Most people will probably recognize hemlock as the poison that Socrates was ordered to drink when he was found guilty of refusing to recognize the official gods of the time and of corrupting youth. Poison hemlock is a member of the parsley family and, although native to Europe, can be found today growing throughout the United States. It is listed as an invasive weed in several states.
The toxic ingredients in this plant are piperidine alkaloids, specifically coniine and coniceine. These are potent neurotoxins that induce paralysis of the motor nerve endings including those used for respiration. There is no recognized antidote. All parts of the plant are poisonous, but the seeds contain the highest concentration of the alkaloids.
The scientific name is conium maculatum: “conium” is a Greek reference to the hemlock itself, and “maculatum” refers to speckles or spots. It has a variety of nicknames, such as devil’s porridge or poison parsley. It has no relation to a hemlock tree.
Poison hemlock tends to grow in wet or poorly-drained areas such as roadsides, field borders, or along railroad tracks. The plant grows to a height of about eight feet, but can grow taller in wet conditions. It has a smooth main stem with red or purple spots and extensive branches. The leaves grow pinnately, meaning the leaflets grow in pairs on opposite sides of a main leaf stalk, which can be up to twenty inches long. The appearance of the leaves is lacy and fern-like. The white flowers grow in an umbrella shape about two inches across. The plant has an unpleasant odor, sometimes described as smelling like a mouse.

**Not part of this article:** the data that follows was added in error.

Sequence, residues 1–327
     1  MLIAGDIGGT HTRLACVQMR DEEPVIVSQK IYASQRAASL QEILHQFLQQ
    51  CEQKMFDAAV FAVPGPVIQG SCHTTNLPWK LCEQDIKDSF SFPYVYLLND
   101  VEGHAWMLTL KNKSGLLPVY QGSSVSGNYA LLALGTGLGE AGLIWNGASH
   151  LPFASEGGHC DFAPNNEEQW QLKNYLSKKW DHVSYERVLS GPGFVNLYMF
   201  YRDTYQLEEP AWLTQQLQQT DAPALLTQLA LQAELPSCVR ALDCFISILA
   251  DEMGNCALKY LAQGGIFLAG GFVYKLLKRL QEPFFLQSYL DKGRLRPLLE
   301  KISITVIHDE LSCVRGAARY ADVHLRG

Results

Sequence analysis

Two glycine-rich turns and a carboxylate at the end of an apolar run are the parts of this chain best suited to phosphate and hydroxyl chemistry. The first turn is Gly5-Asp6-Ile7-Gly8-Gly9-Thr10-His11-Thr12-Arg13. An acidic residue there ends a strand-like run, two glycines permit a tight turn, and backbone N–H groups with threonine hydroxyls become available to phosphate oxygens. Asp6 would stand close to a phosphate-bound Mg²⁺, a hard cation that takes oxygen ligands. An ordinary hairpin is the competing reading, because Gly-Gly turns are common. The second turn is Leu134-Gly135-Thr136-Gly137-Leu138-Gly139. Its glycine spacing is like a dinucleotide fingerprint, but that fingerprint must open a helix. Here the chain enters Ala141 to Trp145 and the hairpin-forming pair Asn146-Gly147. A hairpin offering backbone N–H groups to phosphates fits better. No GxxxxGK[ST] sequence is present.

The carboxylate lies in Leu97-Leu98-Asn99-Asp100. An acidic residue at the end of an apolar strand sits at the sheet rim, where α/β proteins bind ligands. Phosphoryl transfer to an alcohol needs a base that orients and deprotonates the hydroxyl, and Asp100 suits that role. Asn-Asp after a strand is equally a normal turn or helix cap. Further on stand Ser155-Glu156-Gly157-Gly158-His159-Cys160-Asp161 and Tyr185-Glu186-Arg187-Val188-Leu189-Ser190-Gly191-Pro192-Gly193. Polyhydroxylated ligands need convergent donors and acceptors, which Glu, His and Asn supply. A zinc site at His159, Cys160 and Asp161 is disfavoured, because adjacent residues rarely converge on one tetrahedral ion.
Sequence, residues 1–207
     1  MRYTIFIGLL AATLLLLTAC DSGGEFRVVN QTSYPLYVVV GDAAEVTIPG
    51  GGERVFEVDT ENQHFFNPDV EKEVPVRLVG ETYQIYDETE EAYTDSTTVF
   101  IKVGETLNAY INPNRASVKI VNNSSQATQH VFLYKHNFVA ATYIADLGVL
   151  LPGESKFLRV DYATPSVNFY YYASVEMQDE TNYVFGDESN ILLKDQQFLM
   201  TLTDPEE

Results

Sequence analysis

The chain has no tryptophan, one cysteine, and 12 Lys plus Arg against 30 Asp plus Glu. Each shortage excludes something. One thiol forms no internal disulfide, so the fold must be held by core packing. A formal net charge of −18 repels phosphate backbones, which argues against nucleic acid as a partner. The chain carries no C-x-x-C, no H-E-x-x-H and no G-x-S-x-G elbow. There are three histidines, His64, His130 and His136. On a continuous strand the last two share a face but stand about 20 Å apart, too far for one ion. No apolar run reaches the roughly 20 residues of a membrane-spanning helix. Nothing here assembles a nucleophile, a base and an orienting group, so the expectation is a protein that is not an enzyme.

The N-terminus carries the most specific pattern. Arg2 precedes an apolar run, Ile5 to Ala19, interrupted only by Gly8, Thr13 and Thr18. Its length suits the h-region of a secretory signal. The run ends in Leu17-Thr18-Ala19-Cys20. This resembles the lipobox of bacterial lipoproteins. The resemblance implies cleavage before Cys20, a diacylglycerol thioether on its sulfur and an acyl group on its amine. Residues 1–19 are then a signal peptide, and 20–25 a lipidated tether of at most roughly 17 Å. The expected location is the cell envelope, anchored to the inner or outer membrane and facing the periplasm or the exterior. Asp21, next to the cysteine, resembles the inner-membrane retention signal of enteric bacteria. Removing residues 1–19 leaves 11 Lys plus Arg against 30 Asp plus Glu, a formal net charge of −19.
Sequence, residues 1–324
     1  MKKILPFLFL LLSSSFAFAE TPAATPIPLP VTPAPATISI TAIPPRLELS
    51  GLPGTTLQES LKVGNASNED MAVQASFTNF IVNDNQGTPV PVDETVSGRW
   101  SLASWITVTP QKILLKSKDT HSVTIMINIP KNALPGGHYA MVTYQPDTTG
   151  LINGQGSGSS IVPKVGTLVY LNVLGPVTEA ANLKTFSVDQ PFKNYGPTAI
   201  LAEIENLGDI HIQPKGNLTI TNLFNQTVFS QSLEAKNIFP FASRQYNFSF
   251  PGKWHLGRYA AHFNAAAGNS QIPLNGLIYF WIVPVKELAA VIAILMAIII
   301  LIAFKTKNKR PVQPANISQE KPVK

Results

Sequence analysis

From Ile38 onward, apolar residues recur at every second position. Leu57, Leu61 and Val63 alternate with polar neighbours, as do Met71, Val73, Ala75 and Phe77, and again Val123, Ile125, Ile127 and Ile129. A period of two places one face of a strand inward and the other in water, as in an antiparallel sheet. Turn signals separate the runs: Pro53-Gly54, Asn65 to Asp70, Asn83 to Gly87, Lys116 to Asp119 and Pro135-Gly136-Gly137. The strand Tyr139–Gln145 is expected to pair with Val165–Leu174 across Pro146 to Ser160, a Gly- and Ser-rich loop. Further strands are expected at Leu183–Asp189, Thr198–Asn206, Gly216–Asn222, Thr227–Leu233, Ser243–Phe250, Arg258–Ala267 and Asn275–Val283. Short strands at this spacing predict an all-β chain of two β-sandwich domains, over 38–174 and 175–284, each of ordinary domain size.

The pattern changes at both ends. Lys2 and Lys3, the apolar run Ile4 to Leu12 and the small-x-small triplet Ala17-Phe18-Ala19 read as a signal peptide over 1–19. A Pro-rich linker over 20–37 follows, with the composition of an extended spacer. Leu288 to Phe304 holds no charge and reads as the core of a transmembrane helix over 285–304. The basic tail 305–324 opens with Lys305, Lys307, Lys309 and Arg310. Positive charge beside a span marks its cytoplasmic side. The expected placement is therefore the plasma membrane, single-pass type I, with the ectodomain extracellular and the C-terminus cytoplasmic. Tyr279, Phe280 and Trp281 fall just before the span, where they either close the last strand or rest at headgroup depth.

Poison hemlock reproduces only by seed. The seeds grow in small ribbed capsules and often fall near the parent plant. Germination of these seeds creates large concentrations of the plant in small areas.
Poison hemlock is sometimes confused with wild carrot (Queen Anne’s lace), which is in the same family. It can be distinguished from wild carrot by the lack of hairs on the stems and leaves of the hemlock. It can also be confused for cow parsnip, but cow parsnip has a palmate leaf arrangement and lacks the red or purple spots on the stem. Most human poisonings occur due to mis-identification of poison hemlock as one of these other plants.
Livestock poisoning is quite common and it affects all types of livestock. Cattle, goats, and horses are most susceptible, but due to its unpleasant taste and smell, animals will not normally choose hemlock if other forage is available. It is important for farmers to monitor their fields for the presence of this plant and control growth where necessary. A recent article on cattlenetwork.com warns that poison hemlock growth is especially high this year.
If you’re out and about in the woods and fields, don’t touch anything unless you’re sure what you’re handling. Sensitive skin can react to simply touching poison hemlock. Despite its attractive appearance, this is a plant to keep at a distance.